When IPC came to frog design in 2005, they were technological innovators who already owned 60% of their market, specialized phones for financial traders known as turrets. Given the five year hardware redesign cycle for their product, they wanted to ensure that their success would not be overtaken by market change. We brought a user-centered process to both the industrial and interaction design in order to create a product traders would want to use, and ended up creating an entire platform.
IPC’s previous turret, the IQMX, used small black and white screens and two-color LEDs. The interaction design was confusing, and user research confirmed that most traders didn’t understand the turrets’ capabilities. The IQ/MAX is designed to be easy to use and understand, and it is built to fit into a trader’s cramped environment.
Joint industrial/digital user research on trading floors allowed us to understand the specific needs of this audience — for example, the legs of the IQ/MAX are high enough that the thick cable for the traders’ highly-valued Bloomberg terminals can slide underneath it.
The industrial design and the interaction design of the IQ/MAX work together to create a highly structured and predictable system. The system is modular and reconfigurable to fit particular communication and space needs.
IPC can provide a lot of information about incoming and active calls: when a deal might hinge on who says yes first, the phone has to be picked up quickly.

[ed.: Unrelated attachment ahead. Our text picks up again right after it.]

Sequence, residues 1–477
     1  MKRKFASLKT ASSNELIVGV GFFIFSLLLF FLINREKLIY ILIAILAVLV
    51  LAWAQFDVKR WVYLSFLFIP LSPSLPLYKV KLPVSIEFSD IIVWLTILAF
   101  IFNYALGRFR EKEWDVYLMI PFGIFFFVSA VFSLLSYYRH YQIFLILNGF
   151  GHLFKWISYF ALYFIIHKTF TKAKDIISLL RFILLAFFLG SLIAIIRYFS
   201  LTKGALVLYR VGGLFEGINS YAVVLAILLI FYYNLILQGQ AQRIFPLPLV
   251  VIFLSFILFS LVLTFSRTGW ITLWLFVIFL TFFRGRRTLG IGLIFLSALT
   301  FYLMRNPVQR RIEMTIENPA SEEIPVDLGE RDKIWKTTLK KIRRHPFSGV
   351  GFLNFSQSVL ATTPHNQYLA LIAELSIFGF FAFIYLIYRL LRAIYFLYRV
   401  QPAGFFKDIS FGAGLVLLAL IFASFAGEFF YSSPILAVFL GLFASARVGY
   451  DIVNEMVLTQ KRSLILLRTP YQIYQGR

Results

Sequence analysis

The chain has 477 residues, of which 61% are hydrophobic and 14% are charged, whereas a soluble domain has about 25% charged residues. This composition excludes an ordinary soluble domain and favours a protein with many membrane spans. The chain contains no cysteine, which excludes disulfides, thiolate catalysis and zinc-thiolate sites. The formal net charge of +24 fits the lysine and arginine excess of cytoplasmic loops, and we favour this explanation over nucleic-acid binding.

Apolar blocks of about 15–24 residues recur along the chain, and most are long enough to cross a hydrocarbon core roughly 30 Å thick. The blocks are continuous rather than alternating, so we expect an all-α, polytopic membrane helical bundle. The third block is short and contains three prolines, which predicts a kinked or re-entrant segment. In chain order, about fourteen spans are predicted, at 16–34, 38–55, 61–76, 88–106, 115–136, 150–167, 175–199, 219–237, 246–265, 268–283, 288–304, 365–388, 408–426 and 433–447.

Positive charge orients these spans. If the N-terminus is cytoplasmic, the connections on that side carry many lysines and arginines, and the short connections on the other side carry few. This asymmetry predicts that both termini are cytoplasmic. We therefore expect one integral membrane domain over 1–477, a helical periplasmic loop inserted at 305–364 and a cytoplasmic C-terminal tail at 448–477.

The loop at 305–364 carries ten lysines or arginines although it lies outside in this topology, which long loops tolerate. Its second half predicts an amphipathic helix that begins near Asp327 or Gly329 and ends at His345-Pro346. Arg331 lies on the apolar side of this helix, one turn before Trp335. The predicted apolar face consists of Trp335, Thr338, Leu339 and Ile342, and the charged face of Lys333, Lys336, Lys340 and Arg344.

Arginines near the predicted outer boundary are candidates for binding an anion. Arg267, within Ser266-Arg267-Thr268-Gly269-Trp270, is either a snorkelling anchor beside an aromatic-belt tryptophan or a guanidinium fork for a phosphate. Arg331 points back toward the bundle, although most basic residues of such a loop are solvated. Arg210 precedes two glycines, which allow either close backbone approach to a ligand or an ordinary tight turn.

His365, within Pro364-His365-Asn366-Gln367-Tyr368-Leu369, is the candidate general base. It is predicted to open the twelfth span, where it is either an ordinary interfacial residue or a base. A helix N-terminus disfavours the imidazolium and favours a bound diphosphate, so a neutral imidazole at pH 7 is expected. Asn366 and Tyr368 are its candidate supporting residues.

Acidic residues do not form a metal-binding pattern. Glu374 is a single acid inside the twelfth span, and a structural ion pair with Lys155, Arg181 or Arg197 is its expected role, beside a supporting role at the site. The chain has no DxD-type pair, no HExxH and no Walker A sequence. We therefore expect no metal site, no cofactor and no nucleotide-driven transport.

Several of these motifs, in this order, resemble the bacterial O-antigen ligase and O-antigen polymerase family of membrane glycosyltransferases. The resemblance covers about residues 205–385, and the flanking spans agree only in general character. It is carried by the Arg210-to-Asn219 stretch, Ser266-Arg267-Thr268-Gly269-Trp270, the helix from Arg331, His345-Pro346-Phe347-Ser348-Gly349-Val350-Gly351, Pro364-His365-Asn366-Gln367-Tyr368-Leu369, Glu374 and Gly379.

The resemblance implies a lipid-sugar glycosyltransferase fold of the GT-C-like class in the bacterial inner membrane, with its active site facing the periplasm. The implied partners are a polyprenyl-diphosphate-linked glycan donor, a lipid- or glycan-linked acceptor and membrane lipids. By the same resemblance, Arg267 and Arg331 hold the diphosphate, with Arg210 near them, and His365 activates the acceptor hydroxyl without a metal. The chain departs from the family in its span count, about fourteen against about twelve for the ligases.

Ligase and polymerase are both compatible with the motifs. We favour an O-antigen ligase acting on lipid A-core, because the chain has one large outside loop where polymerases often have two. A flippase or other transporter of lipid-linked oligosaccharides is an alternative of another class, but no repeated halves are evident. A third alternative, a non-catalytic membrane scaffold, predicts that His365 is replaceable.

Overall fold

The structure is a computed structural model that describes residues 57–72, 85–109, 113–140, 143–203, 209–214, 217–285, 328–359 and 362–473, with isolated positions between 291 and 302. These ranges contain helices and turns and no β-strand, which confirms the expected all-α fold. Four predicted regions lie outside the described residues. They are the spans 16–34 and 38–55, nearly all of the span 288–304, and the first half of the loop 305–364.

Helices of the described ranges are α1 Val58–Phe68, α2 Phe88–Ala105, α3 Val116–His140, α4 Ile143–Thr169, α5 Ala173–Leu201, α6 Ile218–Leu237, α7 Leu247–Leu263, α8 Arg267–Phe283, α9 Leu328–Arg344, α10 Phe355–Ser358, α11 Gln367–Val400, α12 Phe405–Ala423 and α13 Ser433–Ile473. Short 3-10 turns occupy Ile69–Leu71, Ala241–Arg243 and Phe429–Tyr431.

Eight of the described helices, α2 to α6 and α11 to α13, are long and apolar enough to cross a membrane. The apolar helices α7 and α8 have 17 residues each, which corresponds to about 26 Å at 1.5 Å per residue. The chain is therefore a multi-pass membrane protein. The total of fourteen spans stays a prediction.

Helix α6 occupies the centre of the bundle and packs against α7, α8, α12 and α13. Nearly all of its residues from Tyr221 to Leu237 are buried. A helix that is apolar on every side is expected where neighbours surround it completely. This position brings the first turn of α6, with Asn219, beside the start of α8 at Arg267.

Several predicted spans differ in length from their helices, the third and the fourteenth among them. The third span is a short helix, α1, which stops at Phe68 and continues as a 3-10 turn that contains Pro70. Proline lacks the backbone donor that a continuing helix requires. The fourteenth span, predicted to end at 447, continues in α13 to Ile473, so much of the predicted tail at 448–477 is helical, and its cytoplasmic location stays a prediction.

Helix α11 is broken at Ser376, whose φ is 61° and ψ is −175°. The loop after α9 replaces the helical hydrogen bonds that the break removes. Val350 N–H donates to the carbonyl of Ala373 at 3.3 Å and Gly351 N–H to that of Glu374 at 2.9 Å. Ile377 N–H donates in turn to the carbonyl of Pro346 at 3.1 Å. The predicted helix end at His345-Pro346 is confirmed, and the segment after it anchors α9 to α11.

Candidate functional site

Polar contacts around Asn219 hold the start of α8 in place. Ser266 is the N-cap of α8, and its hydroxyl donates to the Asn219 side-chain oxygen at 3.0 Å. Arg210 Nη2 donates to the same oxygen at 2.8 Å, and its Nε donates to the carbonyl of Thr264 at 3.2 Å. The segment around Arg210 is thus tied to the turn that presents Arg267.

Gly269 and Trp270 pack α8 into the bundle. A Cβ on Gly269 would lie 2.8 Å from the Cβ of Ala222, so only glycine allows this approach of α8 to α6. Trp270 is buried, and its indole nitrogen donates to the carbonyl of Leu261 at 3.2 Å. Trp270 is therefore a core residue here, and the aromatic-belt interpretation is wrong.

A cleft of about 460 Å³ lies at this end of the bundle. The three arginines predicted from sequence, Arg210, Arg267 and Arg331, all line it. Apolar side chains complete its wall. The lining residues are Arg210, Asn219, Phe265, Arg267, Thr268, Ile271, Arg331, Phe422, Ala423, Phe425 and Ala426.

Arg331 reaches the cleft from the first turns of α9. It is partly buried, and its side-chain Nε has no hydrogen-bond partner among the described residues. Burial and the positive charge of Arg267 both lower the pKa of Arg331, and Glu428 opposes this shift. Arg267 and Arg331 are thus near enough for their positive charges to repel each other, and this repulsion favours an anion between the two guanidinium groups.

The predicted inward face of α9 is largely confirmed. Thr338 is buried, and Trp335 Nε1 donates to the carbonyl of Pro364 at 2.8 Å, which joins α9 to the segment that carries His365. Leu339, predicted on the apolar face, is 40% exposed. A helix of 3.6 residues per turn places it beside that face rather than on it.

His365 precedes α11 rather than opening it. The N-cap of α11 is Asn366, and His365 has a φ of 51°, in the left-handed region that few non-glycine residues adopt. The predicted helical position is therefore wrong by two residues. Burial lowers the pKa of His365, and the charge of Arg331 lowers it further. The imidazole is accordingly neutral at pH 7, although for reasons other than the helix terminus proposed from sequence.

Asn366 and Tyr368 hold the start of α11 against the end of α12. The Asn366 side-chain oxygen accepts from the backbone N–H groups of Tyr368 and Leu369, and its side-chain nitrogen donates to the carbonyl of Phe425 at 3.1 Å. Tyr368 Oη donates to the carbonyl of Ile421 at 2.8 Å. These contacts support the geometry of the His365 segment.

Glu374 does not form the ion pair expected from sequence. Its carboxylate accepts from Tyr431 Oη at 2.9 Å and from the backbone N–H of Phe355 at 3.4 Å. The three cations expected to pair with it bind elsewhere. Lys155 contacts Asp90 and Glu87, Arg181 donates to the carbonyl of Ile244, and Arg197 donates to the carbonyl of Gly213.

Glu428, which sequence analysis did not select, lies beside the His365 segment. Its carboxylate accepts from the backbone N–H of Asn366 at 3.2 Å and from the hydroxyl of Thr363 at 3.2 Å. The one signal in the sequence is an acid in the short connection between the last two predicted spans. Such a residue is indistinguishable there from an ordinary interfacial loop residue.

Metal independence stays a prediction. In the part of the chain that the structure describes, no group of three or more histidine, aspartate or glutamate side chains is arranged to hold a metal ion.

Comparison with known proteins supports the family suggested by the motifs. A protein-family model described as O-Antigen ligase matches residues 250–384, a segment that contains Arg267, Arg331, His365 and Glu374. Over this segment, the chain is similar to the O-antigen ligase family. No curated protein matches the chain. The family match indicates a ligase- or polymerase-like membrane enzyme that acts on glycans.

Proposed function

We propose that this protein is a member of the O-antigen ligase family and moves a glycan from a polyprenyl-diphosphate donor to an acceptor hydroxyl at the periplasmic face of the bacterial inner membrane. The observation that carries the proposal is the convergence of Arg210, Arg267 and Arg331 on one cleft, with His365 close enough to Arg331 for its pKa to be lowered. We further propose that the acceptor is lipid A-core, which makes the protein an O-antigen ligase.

Using shape, color, fill, and animation, our team created a semantic for active calls that was easy to learn and comprehensible in a single glance at the screen.
We knew we had it right when, in usability testing near the end of the project, a trader stopped talking mid-sentence when she saw a high-priority call coming in on her simulation. “Oh!” she said, “Sorry, I need to get this!”
The design system is highly extensible and adaptable - my team created a touchscreen concept unit for the IQ/MAX launch event in six weeks, including fabrication.
The first follow-on product to launch was MaxAccess 1000: a Flash-based web app designed for remote access and disaster recovery situations. We also created a design language to be used in internal tools for IPC system administrators.
In 2010, I led a multi-workstream project that revisited the IQ/MAX to add new features and functionality.
We also created a fully-featured desktop application that can be used with or without a turret. Building on new models for search, alerts, and online communication that didn't exist when the first project began, the new products, launched under the Unigy brand, take IPC's customer seamlessly into the next era of digital communication.